As we wait to hear more from the shadow health secretary later this morning, let’s have a closer look at Labour’s NHS plans.

The party is promising to deliver an extra 40,000 operations, scans and appointments a week in England – two million a year – by introducing more weekend services, as well as turning to the private sector. It says the money will come from cracking down on non-dom tax arrangements.

The plan represents an increase of less than 2%, but experts think it could be just enough to get waiting times back on track. Whether it will be achieved is another matter.

Despite receiving more money and employing more staff, the NHS is seeing around the same number of patients for planned care as it was before the last election. There are multiple reasons: the biggest two are perhaps more demand on emergency services and continuing problems with delayed discharges, whereby patients who are medically fit cannot leave hospital because of lack of support in the community.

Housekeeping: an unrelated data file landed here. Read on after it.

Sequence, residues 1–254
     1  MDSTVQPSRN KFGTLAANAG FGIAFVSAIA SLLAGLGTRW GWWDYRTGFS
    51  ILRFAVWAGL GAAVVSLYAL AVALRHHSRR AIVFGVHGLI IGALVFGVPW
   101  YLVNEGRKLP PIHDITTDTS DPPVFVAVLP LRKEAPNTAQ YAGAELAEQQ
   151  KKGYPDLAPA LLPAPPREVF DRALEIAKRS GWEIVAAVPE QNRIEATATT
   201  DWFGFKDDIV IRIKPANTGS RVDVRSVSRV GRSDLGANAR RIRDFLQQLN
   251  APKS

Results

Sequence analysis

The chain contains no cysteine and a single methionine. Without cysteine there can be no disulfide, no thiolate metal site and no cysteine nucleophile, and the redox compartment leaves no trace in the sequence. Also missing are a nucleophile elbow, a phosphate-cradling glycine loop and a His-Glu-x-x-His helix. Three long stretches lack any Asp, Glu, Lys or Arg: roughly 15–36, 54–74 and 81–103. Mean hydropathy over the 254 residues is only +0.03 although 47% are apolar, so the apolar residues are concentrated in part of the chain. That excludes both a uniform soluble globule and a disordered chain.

Labour’s manifesto says the budget will increase above inflation, but that does not tell us much. Traditionally the NHS has got about 4% extra a year above inflation and that has only been enough to maintain the status quo.

To make the improvements being proposed, some say even more money needs to go in or there will have to be trade-offs elsewhere in health. The Nuffield Trust think tank said not spelling this out represented a “stunning lack of detail”.